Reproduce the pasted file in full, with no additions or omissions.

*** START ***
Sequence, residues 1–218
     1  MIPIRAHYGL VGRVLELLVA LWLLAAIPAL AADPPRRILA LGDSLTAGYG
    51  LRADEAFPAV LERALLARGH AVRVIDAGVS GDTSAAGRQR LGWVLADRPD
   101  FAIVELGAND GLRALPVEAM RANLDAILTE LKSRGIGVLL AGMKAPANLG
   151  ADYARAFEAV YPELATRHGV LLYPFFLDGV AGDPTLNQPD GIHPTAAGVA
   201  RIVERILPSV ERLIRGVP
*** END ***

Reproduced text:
Sequence, residues 1–218
     1  MIPIRAHYGL VGRVLELLVA LWLLAAIPAL AADPPRRILA LGDSLTAGYG
    51  LRADEAFPAV LERALLARGH AVRVIDAGVS GDTSAAGRQR LGWVLADRPD
   101  FAIVELGAND GLRALPVEAM RANLDAILTE LKSRGIGVLL AGMKAPANLG
   151  ADYARAFEAV YPELATRHGV LLYPFFLDGV AGDPTLNQPD GIHPTAAGVA
   201  RIVERILPSV ERLIRGVP